Anthony Paul Moo-Young was born on January 29, 1954 in Port’Antonio, Jamaica. He moved to England in 1969 to reach his mother in Brixton, London. He worked for many years in the city center as a street portrait painter, then as a painter and producer of painted glass and finally as a teacher. He was well known as ‘Tony Moo’, but recently he is better known by the name of ‘Mooji’, affectionately so called by many spiritual friends and seekers.
In 1987 an occasional meeting with a young Christian mystic would be the brief but fundamental meeting for change in the life of Mooji. He was led, through prayer, to the direct experience of the Divine within us. Thus, with the awakening of his spiritual consciousness, a profound inner transformation began to reveal itself in the form of miraculous experiences and mystical visions. He felt that in his life he was blowing a powerful wind of transformation, which led him to a profound need to surrender himself completely to God. Soon after, he finished working as a teacher, left home and began a quiet and simple life, surrendering to the will of God that manifested itself spontaneously in him. Great peace thus entered his being. And this peace has never gone away.
He lived for some years almost without money but constantly absorbed in inner joy, contentment and a state of natural meditation. The Grace then came in the form of his sister, who welcomed Mooji into his home with love and kindness and offered him all the space and time he needed for his spiritual flowering, without the usual pressures and demands of external life. Mooji refers to this period as his ‘burning years’ and speaks in a touching way of how he was wrapped in the arms of God. In many ways these years were anything but easy, yet there is no trace of regret or remorse. in his tone when he tells about these events. On the contrary, he speaks of this phase of his life as rich in blessing and abundant in graciousness, trust and loving devotion.
At the end of 1993, Mooji made his first trip to India. He wanted to visit Dakshinewar in Calcutta, where Sri Ramakrishna, the great Saint Bengali, had lived and taught. The words and life of Ramakrishna were a source of inspiration and encouragement for Mooji in the early years of his spiritual development. He loved the saint deeply, but as fate would dictate, he never went to Calcutta.
Finally in November he went to Indira Nagar, in Lucknow, to meet Sri Poonjia. This would have been a prosperous and profoundly meaningful experience for her spiritual journey. He perceived it as his great fortune; he had met a living Buddha, a fully enlightened Master. He slowly recognized that Papaji was his Guru. Mooji stayed with Papaji for a few months. The Master pushed what was left of his mind into the void of the Source. With the approval of the Master he made the journey to Sri Ramanasramam in Tiruvannamalai. This is the ashram at the foot of Arunachala, the ‘hill of fire’, where Sri Ramana Maharshi *, ‘the Sage of Arunachala’, the guru of Sri Poonjia, had lived and taught. Mooji felt happy and at home in Tiruvannamalai.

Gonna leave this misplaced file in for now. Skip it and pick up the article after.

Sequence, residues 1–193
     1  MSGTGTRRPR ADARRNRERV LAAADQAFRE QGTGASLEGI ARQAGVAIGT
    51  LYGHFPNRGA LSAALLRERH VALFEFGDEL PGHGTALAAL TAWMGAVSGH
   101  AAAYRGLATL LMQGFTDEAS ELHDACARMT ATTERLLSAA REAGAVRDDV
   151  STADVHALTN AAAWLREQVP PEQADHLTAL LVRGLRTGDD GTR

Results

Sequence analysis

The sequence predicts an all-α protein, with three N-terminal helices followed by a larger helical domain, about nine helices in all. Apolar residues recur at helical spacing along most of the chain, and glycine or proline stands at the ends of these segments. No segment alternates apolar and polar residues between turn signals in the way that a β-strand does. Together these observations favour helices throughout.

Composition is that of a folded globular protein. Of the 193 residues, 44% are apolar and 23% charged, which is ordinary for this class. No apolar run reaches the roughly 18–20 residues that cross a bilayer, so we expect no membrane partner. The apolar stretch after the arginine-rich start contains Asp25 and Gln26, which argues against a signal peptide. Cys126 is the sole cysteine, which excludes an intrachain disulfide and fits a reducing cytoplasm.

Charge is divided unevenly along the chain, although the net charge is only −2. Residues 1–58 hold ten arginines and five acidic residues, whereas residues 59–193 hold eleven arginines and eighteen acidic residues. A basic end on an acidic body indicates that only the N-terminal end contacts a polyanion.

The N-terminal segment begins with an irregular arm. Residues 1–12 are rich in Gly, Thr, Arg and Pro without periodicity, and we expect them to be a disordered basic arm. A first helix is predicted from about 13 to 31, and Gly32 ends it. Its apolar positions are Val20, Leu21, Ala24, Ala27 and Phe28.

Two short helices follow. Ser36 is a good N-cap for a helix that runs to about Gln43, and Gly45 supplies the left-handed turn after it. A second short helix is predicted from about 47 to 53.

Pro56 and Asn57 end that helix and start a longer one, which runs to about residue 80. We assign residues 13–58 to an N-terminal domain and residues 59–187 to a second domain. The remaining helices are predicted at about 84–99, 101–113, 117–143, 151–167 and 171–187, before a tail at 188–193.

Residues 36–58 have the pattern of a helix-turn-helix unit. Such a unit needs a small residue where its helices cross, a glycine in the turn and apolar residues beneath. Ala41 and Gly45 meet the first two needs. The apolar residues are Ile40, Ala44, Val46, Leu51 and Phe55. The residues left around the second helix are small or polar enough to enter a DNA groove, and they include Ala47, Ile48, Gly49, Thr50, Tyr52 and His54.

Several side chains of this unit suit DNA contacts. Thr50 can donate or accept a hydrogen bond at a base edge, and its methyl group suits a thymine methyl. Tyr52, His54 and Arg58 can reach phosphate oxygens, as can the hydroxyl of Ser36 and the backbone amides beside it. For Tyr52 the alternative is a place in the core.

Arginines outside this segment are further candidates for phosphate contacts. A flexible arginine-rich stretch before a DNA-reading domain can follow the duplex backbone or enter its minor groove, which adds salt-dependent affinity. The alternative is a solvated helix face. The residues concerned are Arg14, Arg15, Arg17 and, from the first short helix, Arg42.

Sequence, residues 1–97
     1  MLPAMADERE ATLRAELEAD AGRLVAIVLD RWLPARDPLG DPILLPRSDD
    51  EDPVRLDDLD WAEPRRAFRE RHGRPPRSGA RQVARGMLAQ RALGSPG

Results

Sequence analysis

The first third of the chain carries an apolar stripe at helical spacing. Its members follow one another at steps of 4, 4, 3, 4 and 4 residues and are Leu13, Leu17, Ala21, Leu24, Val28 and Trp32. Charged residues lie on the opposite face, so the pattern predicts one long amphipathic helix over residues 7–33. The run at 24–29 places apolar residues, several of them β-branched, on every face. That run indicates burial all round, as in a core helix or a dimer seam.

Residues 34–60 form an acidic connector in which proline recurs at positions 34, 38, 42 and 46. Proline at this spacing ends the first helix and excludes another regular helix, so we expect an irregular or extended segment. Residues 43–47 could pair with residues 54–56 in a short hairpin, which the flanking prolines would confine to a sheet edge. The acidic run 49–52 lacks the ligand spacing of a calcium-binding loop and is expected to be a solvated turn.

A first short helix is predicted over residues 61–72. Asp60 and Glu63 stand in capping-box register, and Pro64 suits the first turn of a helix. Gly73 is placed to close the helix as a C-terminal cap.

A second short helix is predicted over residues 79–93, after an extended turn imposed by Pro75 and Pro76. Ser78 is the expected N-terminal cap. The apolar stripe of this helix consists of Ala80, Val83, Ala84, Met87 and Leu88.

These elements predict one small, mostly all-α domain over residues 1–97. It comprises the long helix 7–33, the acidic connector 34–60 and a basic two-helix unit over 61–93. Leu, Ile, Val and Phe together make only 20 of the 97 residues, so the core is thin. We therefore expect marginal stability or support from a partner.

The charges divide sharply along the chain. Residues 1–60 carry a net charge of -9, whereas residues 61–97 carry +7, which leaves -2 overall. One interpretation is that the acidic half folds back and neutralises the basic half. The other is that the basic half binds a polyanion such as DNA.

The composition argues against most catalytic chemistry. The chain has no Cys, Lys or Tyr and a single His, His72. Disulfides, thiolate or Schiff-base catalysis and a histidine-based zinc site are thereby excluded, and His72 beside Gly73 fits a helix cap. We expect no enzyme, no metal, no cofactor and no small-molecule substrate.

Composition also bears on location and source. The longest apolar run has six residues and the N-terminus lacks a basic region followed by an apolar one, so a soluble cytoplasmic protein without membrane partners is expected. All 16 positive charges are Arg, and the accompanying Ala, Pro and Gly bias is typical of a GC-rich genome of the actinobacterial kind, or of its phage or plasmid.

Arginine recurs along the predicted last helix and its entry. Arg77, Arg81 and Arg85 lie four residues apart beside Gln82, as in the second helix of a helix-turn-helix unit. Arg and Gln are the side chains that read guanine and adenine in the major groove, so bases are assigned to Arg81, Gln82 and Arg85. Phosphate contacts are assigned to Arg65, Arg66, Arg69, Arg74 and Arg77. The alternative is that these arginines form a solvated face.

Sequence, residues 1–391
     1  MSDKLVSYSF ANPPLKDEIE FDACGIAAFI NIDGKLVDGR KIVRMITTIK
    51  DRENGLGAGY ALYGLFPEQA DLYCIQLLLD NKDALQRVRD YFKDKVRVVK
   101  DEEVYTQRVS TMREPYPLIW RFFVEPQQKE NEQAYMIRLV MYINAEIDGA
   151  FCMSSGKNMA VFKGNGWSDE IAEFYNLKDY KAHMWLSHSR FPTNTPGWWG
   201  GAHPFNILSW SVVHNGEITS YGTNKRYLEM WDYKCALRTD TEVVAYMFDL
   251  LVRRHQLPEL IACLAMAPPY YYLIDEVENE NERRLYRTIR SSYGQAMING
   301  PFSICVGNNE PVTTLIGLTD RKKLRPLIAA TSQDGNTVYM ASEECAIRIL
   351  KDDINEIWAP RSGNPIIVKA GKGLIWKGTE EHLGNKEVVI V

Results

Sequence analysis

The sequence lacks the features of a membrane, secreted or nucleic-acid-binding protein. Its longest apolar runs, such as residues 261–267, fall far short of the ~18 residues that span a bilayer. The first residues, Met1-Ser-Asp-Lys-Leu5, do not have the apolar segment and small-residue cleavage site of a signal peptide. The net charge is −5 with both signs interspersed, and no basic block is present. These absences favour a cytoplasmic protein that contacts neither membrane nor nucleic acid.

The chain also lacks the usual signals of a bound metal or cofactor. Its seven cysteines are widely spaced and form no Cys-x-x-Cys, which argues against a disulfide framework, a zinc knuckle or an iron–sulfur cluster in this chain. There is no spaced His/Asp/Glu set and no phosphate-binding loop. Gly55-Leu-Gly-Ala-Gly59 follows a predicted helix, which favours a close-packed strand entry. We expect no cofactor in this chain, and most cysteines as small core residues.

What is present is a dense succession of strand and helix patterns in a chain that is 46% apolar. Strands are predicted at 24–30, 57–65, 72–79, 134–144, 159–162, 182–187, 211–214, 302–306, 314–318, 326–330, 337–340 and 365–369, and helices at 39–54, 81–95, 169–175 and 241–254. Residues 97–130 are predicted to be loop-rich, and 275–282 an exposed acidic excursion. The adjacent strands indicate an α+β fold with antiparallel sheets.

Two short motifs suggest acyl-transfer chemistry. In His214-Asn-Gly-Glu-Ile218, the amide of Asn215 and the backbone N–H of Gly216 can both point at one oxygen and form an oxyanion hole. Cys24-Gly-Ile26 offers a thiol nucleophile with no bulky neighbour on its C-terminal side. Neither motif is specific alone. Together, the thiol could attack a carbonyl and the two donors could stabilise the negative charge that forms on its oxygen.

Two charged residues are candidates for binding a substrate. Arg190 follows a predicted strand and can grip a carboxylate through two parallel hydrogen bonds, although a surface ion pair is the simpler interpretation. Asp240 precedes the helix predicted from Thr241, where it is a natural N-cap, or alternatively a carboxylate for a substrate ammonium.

He stayed there for about three months before returning once again to sit at the feet of his Master. About a week later he received news from London: his eldest son suddenly died of pneumonia. Mooji returned to England. The bliss of the early years had given way to a deep emptiness and inner silence through the grace and presence of Sri Poonjia. Papaji had told him: “If you want to be one with the Truth, then you must disappear completely.”
Mooji went to visit Papaji again in 1997. This would have been his last meeting with his beloved Master, who was by then ill and frail in his movements, but whose inner light and presence had not diminished. A month after returning to London, Mooji received the news that the Master had entered Mahasamadhi *. Of this Mooji states: “That principle which manifests itself as the Master is forever here and now.The True Master never dies, it is the Lord who dies.The True Master, who is the inner Sat Guru *, is the only Reality “.
Mooji continues to live in Brixton. At the moment he runs his chai tea stall (‘Mooji’s Chai Shop’) in the local market, where every Saturday he prepares his Indian tea and sells incense. Since 1999 he receives twice a week in his small apartment small groups of visitors and spiritual researchers, who come from all over the world in search of Self-Knowledge-Jnana *. Mooji makes visits four or five times a year to Ireland where he offers Satsangs and retreats.
- MoojiThe sound ‘mu’ in Japanese comes from the root of the Chinese word ‘wu’ which means ’empty’. ‘ji’, is instead a Hindi term usually used at the end of the names as a sign of respect and affection. Mooji prefers this name and sound, which is already part of his surname, to the personal Christian one of ‘Tony’.
- Mahasamadhi The death, or loss of the physical body, by a great Soul; an event an occasion of immense joy.
- Sat Guru: Spiritual Preceptor of the highest realization – One who has realized the ultimate Truth. Again, the inner Guru, our true Being, the impersonal Absolute.
- Jnana: Spiritual knowledge; wisdom. Consciousness of Being. The mature wisdom of the Soul.
- Sri Ramana Maharshi: Widely known as the only true sage of the twentieth century. His life is a perfect example of simplicity, purity, equality and equanimity, born of an unalterable experience of the Self.